U.S. Agency for International Development Administrator Mark Green's Interview with EWTN's Lauren Ashburn

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EWTN Studio, Rome, Italy

For Immediate Release

Wednesday, October 17, 2018


Mark Green, head of U.S. Agency for International Development, gives us an update on money going toward religious minorities in Iraq. Green is in Rome meeting with Vatican officials.

QUESTION: Joining us now from Rome is United States Agency for International Development, or USAID, Administrator Mark Green.  Welcome to the program.

ADMINISTRATOR GREEN: Good evening, it's great to be with you.

QUESTION: Very nice to be with you.  You met with Cardinal Sako today; you've also met with other members of the Vatican.  Yesterday, Cardinal Sako issued a pretty unusual rebuke of the U.S.  Is he exaggerating?  Were you able to make him aware of what the U.S. has done?

ADMINISTRATOR GREEN: Well, we -- I thought we had a great meeting, and obviously, he's very busy, as you know, right here in Vatican City.  So, part of what we did is to let him know about the great work that we've been doing in months -- and particularly, in recent days.  So, just this week, we announced $178 million in additional assistance that's going directly into these communities, expanded partnerships with the Knights of Columbus, Malteser International, Caritas Iraq.  So, we had lots of good news to bring to his attention.  I think he was very pleased.

QUESTION: It was declared a genocide by former Secretary John Kerry in March of 2016.  There have been complaints that money has not arrived quickly enough.  What has been the problem?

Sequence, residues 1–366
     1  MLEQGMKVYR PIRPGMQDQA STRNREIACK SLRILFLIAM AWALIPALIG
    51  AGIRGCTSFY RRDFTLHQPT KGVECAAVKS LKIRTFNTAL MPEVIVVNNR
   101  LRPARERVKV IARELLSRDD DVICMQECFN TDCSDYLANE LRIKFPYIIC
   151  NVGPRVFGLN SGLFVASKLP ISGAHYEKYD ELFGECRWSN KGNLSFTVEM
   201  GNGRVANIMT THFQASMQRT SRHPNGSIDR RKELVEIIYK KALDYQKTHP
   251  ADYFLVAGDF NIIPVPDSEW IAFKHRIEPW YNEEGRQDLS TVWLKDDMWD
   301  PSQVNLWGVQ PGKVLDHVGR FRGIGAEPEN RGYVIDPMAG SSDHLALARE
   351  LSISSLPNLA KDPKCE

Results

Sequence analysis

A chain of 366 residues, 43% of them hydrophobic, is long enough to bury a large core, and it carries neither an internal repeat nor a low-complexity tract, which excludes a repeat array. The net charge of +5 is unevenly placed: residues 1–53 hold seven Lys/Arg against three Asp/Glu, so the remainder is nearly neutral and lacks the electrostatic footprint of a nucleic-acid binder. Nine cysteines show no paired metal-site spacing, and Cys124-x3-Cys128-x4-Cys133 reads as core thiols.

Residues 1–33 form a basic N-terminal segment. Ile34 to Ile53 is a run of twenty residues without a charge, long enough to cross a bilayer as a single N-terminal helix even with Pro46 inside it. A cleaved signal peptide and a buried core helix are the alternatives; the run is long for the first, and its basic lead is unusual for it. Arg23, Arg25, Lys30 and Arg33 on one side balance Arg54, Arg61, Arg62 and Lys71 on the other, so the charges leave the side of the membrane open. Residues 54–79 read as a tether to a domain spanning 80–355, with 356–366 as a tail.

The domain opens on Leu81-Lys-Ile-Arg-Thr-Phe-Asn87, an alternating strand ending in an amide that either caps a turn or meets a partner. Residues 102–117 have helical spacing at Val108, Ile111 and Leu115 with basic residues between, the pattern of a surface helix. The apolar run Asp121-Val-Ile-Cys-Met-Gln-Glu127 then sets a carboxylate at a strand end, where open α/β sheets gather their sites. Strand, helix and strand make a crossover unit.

ADMINISTRATOR GREEN: Well, I -- first off, let me say this: when I came on board at USAID, which is now just a little over a year ago, we took on this work almost immediately.  As you know, I made a trip out to the Nineveh Plains myself, to see firsthand where our money had been going, to judge some of the projects, to listen very carefully to community leaders, church leaders, to make sure that we were better synced up.  So, we've been mobilizing money in the year plus that I've been on the job.  It's $300 million now that has gone into Northern Iraq, but more importantly, what we've done is to make sure that we're being responsive, that we're taking on those projects that communities need, that leaders are looking for, that we have the right kind of partners to make sure that we're getting the results that we all need to see.  And so, we have been, in fact, doing that.

So, I'm a development guy from way back.  So, I have a tough-minded approach to things.  I want to make sure that every dollar is extended as far as it can possibly go, that we're reaching communities in need, that we're making an important difference, that we're doing sound development work, that we're working on things like electrical systems and running water -- those things that allow communities to survive, families to prosper, and let them know that we care, and that we'll be there for the long run, that we'll help these communities grow, that their future, in fact, is in Northern Iraq.  So, that's what we've been doing ever since I've been on the job.

QUESTION: When I was in Northern Iraq about a year and a half ago, on the Nineveh Plains, the destruction, the rubble, the lack of services -- it really was overwhelming.  How are your faith-based initiatives working, like the one with the Knights of Columbus?